The last day of our Nova Scotia/Cabot Trail adventure began with an epic breakfast at the Harbour’s Edge B&B featuring Esther’s unbelievable orange syrup on french toast. This is a sweet syrup, like maple syrup, but made with oranges and a distinctive orange flavor. Unforgettable and well worth the price, as was the lovely room we enjoyed as well.
After this, we rushed to pack the luggage and load the bikes for the short ride over to the ferry terminal, where we then waited in line for almost an hour to pass through the check-in gate and board the Novastar ferry for the return trip to Maine.
The first post in this series referenced the cabins of the Novastar, which we thoroughly enjoyed; but as the return trip is a daytime trip, we simply bought the very cheap reclining seats on the upper deck in the Seaglass lounge. These are very much like airplane seats, only they recline a lot more, and you have ample legroom. The Seaglass lounge has floor-to-ceiling windows so you can enjoy an unbroken view of the sea from your chair.
We “saw” some whales during the morning of our crossing, though far enough into the distance that it was pointless to try to photograph them. Really, what you see are small spumes of vapor spouting up from the surface of the water far off toward the horizon — too far away to actually view the whales that were making them. Nor did the whales, intent on their own errands in the Gulf of Maine, venture to entertain us by leaping out of the water or doing other cool whale stuff. So, we looked off into the distance and occasionally said, “Oh, there’s one!” However, this did occupy the better part of an hour, and so made the time pass more quickly.
I should also say that the Novastar does its best to entertain you on the crossing. In both directions there were several excellent live musicians playing and singing cover tunes of pop/rock hits. They also show movies and have a special area for kids (the “Shrimp Station”) where they project movies, have coloring and crafts, and offer supervised games for youngsters. For adults, there are also movies shown, along with (of course) the casino, the gift shop, a DJ and the spa. So, while it IS a long trip (about ten hours at sea), there are many diversions. They also sell satellite uplinks for internet connections ($5 USD per hour) so that you can access email and do whatever other internet stuff you like. And there are a number of restaurant choices at a variety of price points, all of which are excellent.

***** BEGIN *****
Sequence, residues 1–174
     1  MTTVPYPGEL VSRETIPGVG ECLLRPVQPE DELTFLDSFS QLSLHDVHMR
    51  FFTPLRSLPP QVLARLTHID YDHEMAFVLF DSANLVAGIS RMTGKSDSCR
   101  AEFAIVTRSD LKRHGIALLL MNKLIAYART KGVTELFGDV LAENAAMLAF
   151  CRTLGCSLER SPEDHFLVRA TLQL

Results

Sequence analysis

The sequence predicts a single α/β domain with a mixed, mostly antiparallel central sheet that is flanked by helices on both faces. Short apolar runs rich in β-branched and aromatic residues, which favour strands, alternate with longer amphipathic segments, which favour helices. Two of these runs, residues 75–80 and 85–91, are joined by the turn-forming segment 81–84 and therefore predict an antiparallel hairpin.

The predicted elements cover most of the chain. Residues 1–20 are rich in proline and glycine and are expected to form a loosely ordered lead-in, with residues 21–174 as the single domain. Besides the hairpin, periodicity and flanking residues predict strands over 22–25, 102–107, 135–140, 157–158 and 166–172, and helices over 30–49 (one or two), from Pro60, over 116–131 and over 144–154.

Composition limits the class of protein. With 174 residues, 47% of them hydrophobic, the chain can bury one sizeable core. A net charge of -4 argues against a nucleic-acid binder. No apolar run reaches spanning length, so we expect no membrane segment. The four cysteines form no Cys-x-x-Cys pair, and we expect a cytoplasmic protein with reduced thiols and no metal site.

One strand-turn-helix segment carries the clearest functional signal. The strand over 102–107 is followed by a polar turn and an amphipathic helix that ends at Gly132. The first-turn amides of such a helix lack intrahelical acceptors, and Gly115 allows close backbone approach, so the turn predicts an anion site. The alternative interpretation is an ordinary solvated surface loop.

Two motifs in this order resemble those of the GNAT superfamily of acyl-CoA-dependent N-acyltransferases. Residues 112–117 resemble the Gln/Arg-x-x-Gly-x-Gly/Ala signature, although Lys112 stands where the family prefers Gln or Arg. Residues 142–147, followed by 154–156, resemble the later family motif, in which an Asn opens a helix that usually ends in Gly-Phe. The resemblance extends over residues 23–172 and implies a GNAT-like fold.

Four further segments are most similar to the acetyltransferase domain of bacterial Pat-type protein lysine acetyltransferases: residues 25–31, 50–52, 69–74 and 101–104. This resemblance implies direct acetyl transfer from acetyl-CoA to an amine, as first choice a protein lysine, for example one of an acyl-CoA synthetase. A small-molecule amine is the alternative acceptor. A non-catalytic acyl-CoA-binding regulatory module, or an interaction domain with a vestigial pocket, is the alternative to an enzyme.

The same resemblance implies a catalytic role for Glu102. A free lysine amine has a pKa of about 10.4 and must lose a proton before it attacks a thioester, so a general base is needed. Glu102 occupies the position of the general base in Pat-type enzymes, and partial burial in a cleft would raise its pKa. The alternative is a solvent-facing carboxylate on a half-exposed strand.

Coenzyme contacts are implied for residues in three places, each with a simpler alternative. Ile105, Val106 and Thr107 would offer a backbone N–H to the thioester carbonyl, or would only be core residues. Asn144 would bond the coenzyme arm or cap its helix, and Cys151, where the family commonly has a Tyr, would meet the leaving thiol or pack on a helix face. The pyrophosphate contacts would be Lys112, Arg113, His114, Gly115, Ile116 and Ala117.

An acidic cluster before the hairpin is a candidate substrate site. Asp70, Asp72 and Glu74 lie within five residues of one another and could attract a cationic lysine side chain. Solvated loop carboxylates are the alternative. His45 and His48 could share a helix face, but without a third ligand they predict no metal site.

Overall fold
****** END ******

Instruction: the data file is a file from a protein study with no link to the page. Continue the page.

So, really, I can’t say enough good things about the Novastar and I highly recommend it. In talking with crew members (all of whom, by the way, go out of their way to be helpful and courteous), it appears that while ridership is up 20% over last year, there is still some question as to whether this ferry service will be economically viable in the long term. Their contract with Nova Scotia runs from May through October, and they were hoping to get a contract for the winter on the English Channel. I sincerely hope they continue to serve here in Maine because I would choose the Novastar every time, over driving two or three extra days through New Brunswick into Nova Scotia.
The trip ends in the early evening, and our trip concluded with thundershowers over Portland as we were entering the harbor. This gave us a lovely rainbow as a final memento of our trip:
After docking and disembarking, we waited in line to clear customs and made the hour-long ride home in the dark, where our house was waiting to receive us after an epic trip! Thanks to all for following us on this blog; I hope you got a sense of the many things we enjoyed about Nova Scotia and Cape Breton Island. For any bikers who happen to stumble onto this blog, I plan another post with some considerations for anyone considering a trip around the Cabot Trail. Until then, happy August to all!